One of the most beautiful promise of the electric car, EV and other plug-in hybrids, PHEV is that they are silent. Unless you live in the middle of nowhere, noise is not a problem but in a congested city, silence is dearly sought after. I’m a car guy, like most of you. It took a lot of convincing before I actually tried an electric car. I preferred the noise, the smell and of course, the vibration of my Alfa Romeos. But what I discovered with electric cars was subtlety and power.
The Zen Of EVs. What I discovered is something hard to explain unless you experienced it, silently cruising in a car that has a lot of power. It’s a myth, an oxymoron but drive a Tesla Roadster and you will know what I’m talking about. What I felt in the Roadster was that my two hands were undisturbed from gear selection as I threw the Tesla in corners. My attention wasn’t robbed by other factors such as engine noise, gear selection or even braking. The car let off when I decelerated, perfect for corner entrance negotiated too fast. It was a Zen-like feeling driving in silence and feeling the incredible amount of power under my right foot.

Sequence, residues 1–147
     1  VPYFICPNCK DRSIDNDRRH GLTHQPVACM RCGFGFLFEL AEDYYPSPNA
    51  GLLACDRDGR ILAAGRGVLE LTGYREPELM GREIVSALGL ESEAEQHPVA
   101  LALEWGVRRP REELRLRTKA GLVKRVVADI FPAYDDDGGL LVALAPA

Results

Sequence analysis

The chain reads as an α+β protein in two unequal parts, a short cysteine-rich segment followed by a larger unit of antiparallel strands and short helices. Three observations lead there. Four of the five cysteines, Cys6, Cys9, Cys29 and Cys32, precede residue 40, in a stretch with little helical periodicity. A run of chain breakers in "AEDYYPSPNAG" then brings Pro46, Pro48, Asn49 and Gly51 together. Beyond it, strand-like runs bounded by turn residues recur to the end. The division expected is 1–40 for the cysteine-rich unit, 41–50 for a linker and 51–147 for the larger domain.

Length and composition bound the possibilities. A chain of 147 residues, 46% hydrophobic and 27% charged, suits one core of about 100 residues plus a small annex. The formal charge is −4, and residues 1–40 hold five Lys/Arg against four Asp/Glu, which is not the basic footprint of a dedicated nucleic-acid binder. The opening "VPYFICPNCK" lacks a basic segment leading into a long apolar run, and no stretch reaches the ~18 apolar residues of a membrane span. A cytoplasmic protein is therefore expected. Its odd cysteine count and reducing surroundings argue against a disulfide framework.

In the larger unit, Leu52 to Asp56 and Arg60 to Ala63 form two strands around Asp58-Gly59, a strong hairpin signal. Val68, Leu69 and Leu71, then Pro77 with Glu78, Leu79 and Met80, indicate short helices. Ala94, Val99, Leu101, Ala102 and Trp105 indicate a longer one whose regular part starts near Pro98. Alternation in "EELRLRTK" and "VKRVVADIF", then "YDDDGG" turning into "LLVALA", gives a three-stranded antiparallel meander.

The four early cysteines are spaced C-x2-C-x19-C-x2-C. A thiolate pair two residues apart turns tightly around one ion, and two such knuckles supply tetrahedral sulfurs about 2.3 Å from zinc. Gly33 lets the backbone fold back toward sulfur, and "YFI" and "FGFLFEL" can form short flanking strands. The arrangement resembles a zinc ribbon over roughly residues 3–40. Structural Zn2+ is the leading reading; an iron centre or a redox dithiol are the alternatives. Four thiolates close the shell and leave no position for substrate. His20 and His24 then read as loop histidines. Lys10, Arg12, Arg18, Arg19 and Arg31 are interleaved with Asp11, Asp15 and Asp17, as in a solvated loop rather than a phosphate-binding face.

Should EVs and PHEVs Make Noise? To this question, many have voiced their opinion but common sense and a general view of driving and the automobive world should clarify a few things. After writing my previous article; Cars Without Keys: Fobs And Fads, that basically asks, what are the consequences of being so automated, the next logical question is to ask if cars should make noise to inform absent-minded folks they are near multi-ton vehicles.
But What About The Disabled? It might come as a shock but the disabled pay more attention than your regular pedestrian. After all, it’s a question of life and death for them. But that doesn’t mean we shouldn’t consider a warning system specifically for them. So all of this begs another question, do we need to educate electric vehicle drivers or pedestrians?
How about both? In a world increasingly depending on automated tasks, we tend to become a little lazy and forgetful. From plug-in hybrid users forgetting to turn off their cars, to people texting, nose deep on phones oblivious to cars around them, it’s obvious we are spatially challenged. As Paul Scott from Plug In America once told me, all you need to do is be careful, have a pre-recorded message on your car warning a car is near you and I would add, pedestrian education.
No, electric cars don’t need to add noise to their silence. We just need to all be a little more careful near cars, instead of making electric and plug-in noisy.